Health professionals are striking back at a worrisome piece of anti-vaxxer legislation that arose last month in Congress. In response to the “Informed Consent on Vaccination” initiative, which would reverse the National Law of Obligatory Vaccination (Law 22,909), ten medical entities are petitioning the Chamber of Deputies to advance a dormant project that will uphold vaccination as a human right. If passed into law, it will also update the national schedule of mandatory vaccines.
The initiative simply reifies facts on the ground. “It provides a legal framework to state policies that already exist,” said Leandro Cahn, Director of Communication and Institutional Development at the Huésped Foundation. According to the deputy behind the project, Miriam Gallardo of Frente para la Victoria, the current law is obsolete. “Law 22,909 dates back to 1983, to the dictatorship, and does not encompass updates that increased public access to vaccines at all stages of life and reduced the fragmentation of the health system.” It only mandates vaccines for children, for example, even though the national calendar obligates people of all ages to get vaccinated.
The anti-vaxxer movement is not strong here. In 2017, Argentina became the first Latin American country to incorporate meningitis, and the third to incorporate HPV vaccine for males, into its calendar of obligatory vaccinations. It is also the only country that mandates Hepatitis A, the inclusion of which reduced the number of liver transplant patients from ten thousand to approximately fifty.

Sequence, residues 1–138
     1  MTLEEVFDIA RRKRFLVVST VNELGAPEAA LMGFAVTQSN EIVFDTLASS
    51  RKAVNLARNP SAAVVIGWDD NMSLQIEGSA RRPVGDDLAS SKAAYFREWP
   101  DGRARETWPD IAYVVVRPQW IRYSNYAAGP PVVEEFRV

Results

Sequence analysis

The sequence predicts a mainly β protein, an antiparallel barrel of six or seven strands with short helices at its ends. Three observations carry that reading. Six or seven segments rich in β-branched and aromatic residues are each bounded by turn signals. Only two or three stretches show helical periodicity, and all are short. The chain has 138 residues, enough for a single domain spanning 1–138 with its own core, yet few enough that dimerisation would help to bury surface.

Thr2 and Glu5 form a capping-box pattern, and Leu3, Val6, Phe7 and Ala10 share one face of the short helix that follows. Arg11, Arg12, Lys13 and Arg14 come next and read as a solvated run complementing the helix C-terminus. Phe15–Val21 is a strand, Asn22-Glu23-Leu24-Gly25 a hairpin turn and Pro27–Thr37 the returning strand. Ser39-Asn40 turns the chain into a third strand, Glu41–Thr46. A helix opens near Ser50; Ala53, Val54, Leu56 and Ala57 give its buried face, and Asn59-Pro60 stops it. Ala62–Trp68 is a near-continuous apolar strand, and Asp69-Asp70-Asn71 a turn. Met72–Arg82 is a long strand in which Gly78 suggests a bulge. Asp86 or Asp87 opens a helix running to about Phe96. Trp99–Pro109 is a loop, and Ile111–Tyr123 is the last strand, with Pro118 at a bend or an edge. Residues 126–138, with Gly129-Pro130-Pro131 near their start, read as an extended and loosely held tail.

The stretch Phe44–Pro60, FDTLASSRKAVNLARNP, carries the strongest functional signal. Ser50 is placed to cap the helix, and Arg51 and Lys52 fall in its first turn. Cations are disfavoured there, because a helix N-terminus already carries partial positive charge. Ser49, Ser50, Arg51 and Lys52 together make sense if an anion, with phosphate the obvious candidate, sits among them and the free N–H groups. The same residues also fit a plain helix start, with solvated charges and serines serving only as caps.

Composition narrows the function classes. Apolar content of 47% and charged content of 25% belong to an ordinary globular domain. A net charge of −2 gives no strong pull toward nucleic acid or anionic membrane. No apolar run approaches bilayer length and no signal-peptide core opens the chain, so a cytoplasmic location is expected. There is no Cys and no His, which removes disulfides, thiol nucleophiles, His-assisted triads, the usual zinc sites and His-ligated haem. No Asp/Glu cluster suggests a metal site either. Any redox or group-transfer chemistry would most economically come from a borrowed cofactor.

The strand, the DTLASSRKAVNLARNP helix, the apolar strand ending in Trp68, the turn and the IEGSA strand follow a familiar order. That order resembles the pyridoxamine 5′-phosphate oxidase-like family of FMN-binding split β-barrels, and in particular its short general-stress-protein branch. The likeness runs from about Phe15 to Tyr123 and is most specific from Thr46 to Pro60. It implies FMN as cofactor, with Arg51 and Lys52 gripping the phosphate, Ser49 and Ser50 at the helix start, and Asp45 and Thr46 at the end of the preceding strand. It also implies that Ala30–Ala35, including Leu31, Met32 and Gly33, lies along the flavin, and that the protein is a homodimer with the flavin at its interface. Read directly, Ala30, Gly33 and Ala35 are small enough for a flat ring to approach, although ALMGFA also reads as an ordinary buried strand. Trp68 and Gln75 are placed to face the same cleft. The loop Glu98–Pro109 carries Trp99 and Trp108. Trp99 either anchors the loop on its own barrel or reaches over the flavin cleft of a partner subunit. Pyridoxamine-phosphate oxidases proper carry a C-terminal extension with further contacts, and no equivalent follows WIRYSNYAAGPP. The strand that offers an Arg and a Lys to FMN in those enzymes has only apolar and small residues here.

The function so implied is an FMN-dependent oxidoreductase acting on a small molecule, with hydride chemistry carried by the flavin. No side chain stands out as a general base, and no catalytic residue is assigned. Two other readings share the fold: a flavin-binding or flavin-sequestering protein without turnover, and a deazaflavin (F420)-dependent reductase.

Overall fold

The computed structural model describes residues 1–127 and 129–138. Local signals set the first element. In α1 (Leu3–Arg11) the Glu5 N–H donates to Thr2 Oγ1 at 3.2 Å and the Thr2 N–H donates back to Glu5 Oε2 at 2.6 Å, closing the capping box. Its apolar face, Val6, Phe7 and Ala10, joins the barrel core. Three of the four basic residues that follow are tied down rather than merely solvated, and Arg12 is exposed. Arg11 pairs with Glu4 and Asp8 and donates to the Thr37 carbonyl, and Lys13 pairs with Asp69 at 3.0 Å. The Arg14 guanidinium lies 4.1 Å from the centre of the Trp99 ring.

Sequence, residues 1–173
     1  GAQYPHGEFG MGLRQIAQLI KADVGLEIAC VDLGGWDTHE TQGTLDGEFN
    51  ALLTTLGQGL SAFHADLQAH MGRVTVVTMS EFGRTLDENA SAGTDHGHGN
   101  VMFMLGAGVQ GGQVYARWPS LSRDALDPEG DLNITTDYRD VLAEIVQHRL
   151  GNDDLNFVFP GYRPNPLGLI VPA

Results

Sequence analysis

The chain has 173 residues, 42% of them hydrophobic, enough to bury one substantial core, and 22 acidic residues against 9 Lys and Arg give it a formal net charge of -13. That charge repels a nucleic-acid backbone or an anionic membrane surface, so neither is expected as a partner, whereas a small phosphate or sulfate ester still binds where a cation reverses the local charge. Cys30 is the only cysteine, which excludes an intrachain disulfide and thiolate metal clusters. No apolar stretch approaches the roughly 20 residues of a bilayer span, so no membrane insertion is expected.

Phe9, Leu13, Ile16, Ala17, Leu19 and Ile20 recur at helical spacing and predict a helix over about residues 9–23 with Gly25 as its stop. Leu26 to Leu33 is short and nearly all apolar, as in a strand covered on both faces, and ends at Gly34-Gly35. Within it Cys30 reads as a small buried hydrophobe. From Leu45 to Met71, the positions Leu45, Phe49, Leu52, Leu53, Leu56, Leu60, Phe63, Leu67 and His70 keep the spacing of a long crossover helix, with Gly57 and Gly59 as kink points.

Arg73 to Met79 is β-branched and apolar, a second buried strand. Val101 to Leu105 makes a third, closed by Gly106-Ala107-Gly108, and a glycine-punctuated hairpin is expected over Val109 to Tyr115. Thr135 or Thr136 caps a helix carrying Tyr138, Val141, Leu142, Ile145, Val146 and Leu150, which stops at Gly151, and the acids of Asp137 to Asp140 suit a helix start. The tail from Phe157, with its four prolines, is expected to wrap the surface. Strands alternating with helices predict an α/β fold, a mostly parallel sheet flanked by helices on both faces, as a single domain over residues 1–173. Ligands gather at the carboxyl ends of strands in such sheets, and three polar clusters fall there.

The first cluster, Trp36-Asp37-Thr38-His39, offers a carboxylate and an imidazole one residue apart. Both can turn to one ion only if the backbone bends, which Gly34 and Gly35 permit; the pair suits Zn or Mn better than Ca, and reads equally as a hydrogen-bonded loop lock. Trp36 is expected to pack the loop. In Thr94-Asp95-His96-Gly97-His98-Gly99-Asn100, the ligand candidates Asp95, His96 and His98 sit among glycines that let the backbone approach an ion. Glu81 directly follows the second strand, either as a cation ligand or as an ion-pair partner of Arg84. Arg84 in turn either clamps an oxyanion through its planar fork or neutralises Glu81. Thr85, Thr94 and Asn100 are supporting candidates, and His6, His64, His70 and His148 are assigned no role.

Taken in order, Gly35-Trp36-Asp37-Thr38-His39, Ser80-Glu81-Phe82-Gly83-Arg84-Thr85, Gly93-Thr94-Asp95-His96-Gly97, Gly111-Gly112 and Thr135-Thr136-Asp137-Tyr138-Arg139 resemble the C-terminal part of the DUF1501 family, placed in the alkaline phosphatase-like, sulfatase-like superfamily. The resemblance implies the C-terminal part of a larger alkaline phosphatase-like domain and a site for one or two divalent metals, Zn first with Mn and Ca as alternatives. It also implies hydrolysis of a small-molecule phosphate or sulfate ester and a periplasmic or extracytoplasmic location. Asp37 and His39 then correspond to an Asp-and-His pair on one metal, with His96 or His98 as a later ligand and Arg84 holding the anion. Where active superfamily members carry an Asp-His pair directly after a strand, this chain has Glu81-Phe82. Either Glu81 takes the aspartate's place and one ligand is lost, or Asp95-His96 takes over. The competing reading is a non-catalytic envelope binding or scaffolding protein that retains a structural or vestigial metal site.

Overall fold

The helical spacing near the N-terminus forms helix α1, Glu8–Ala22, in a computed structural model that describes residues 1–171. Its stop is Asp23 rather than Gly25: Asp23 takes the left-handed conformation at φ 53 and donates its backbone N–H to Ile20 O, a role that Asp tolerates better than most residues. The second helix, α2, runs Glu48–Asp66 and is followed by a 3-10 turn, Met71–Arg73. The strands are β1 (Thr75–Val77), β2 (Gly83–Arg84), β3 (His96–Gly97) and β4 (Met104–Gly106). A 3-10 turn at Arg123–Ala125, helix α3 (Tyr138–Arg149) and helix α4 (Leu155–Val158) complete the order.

Paula Urroz of Cambiemos, who authored “Informed Consent on Vaccination,” is among a small number of skeptics. Some believe that vaccination contradicts the Nuremberg Code, which maintains the right to life and physical integrity, and National Law 26,529, which enacts parental rights and the right to informed consent.
Urroz’s own party has criticized her legislation. “It is a personal initiative, which does not reflect the majority opinion of our party,” her colleagues in Cambiemos affirmed. “Her proposal intends to generate fear in the population.”
The push to affirm vaccination as a human right could serve as insurance against future challengers. Its basis derives from the World Health Organization, which describes vaccination as the most important public health milestone, together with water potabilization.“The State must ensure the implementation of a public policy to control vaccine-preventable diseases,” said Gallardo. “It also should mandate that the vaccination certificate be present in order to carry out certain procedures (i.e. completing federal documents, job examinations, driver registration, and family allowances).” That immunization is a basic necessity, according to Gallardo, “is more than evident.”
Still, Gallardo is racing against the clock. She presented this project for the first time in 2013. It passed in the Chamber of Deputies and the Senate, was approved unanimously by the Health Commission, and has been locked in the Commissions of General Legislation and Budget ever since. Daniel Lipovetzky, Chair of the Budget Commission, promised to put the initiative on next week’s meeting agenda. If he does not, the bill risks timing out of parliamentary status.
Its advocates hope that does not happen. Among the cosignatories of Gallardo’s letter are the Argentine societies of Immunology, Pediatrics, and Medicine; the National Immunization Commission; the Center for the Study of Infectious Diseases; and the Forum of Clinical Medicine. For them, there is no time like the present. “It is imperative to reaffirm urgently that free and compulsory vaccines are a state policy in our country,” they said.